Wednesday, 31 October 2007 17:00

Same Game, New Level with the Hardcore Knight Project

Written by Rich Evans
The clock on the Huntington Beach Bodyworks web site is counting down to SEMA. Did I bite off more than I can chew when committing to such a large project with a SEMA deadline?
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Auto manufacturers accept proposals from industry professionals to modify stock vehicles. If the idea is intriguing enough, they will provide the vehicle to the designer to do the project. So  the first step was to do some research and decide what car we wanted to work on. Ford’s new Mustang GT caught my eye. With photos of the car in hand, my team had a brainstorming session to determine modifications to be made.

Next I sat down with my artists and we began making rough sketches of the completed vehicle with the planned body modifications. After creating those sketches, we used them in Adobe Illustrator to create a digital line drawing of the completed project. Using that file, we were able to create a full-color rendering of the project.

With sketches and renderings completed, it was time to write up a formal proposal to present to the manufacturer – Ford. For a major manufacturer to sponsor a designer’s project, a formal proposal must be submitted outlining the planned modifications to the vehicle. In this case, we requested a 2007 Ford Mustang GT coupe with 300-hp 4.6L OHC 3V V8, Tremec 5-speed manual transmission, and sport bucket seats. Why not aim high?

Along with the outline of planned modifications to the vehicle, the proposal must include any other major manufacturers willing to participate. You may also want to lead with a pitch describing the project that you have envisioned to sell the idea to the manufacturer.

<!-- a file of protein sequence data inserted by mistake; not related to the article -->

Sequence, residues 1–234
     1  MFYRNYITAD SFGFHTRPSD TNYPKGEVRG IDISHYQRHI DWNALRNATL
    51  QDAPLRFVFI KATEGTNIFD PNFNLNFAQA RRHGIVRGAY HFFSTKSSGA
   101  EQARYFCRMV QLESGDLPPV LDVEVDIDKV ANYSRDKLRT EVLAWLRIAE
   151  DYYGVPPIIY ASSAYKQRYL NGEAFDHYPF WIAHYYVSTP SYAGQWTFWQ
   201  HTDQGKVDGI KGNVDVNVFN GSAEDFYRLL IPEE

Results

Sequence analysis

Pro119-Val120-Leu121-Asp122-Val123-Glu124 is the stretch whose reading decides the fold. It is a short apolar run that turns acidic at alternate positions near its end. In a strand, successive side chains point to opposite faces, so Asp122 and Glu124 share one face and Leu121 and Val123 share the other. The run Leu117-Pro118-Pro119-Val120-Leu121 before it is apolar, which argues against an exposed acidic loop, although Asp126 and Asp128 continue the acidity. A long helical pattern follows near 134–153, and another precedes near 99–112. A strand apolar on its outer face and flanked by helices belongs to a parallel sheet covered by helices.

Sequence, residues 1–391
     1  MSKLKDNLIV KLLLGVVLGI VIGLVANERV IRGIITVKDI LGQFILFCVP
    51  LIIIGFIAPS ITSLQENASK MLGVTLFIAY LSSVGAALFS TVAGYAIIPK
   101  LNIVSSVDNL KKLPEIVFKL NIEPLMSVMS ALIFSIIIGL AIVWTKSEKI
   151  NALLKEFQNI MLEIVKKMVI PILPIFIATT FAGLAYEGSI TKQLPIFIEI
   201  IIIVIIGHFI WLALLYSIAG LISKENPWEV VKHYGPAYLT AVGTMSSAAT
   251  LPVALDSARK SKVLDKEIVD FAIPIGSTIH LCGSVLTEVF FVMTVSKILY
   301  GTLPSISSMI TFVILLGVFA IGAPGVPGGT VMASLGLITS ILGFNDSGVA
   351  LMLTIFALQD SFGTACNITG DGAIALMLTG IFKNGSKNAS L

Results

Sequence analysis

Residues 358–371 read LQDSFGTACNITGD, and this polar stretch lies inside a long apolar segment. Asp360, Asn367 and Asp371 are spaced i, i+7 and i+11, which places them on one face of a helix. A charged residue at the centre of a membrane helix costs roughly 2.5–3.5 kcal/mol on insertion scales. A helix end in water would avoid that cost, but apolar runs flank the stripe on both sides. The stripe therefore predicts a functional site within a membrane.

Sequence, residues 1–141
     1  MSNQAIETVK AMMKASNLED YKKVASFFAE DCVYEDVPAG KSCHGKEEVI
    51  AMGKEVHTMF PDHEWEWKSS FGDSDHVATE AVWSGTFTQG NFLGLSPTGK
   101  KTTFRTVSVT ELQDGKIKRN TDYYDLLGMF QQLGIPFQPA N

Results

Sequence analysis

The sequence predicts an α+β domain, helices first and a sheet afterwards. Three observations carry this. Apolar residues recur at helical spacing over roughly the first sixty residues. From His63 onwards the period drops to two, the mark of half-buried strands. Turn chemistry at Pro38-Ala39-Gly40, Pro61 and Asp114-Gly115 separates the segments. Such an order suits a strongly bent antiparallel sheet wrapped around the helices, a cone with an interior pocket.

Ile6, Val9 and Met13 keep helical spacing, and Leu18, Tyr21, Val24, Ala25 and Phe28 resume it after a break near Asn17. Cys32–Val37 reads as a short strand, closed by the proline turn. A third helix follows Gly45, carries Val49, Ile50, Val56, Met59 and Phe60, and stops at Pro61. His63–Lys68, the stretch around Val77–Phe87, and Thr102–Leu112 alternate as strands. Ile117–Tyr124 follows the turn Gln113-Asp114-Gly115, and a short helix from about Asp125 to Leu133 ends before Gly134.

We’ve had a countdown on the Huntington Beach Bodyworks website to dramatize the fact that SEMA is just around the corner and I am racing to beat the clock. Progress reports can be found there as well. The team has been working non-stop and, with the steady progress we’ve made so far, it looks like once again we will meet our deadline.

The completed vehicle will feature Rich Evans custom wheels, painted fiberglass headliner, steering wheel, hood scoop, rear wing, rocker panels, and stainless steel grill. These will all be one-off pieces. We are also flaring out the rear fenders. There is a very long list of modifications that are being made. I will explain in greater detail how to fabricate original one-off parts by making a plug – a model of the part – in my next article.

To keep an eye on that clock, go to www.huntingtonbeachbodyworks.com. Will I make it? What do you think? See you at SEMA and NACE.

Rich Evans, owner of Huntington Beach Bodyworks in Southern California, is an award winning painter and fabricator. Currently he is offering workshops at his facility so he can share his special techniques to other industry professionals. For more information about Evans, visit www.huntingtonbeachbodyworks.com and www.richevansdesigns.com.

 

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